Investors might also need to consider whether other
technology trends could affect demand or revenues.
For instance, the rise of parking apps could direct
drivers to garages with capacity. And garage owners
could potentially see a big jump in margins if they
use software programs that allow them to predict
demand and adjust prices accordingly.
After their analysis, investors might determine
that demand for parking is so low that their garages
should be repurposed or provide a broader set of
services. As one example, garages that have off-curb
parking could be transformed into service centers for e-commerce package delivery or turned into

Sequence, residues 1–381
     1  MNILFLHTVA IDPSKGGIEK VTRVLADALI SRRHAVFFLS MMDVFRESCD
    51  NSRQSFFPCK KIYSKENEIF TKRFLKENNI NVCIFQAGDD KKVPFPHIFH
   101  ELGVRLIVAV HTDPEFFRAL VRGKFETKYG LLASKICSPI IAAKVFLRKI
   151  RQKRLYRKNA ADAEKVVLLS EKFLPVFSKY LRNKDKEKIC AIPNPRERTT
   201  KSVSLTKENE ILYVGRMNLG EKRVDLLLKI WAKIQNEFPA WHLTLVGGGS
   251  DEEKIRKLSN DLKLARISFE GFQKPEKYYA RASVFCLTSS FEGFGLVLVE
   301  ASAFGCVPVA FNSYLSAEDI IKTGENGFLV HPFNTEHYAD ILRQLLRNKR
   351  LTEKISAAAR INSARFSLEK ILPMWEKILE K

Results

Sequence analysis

vertiports for delivery drones.
Evaluating new infrastructure assets
An even more difficult puzzle involves determining
how technology trends will increase demand for—or
affect the value of—unconventional assets. Consider
charging stations for EVs. In an age where most cars
use gas, demand for these facilities is relatively low.
But EVs are becoming more popular in many major
markets, with registration increasing 70 percent
in China and 37 percent in the United States from
2015 to 2016. Over the long term, farsighted private-management
firms that invested early in charging
stations could receive greater returns than those
that focused on traditional infrastructure.
With so much uncertainty ahead, investment
firms should consider a range of scenarios when
estimating the value of unconventional assets. For
instance, the market for renewable energy, including
wind and solar power, is increasing. But there are
still many uncertainties regarding the extent of their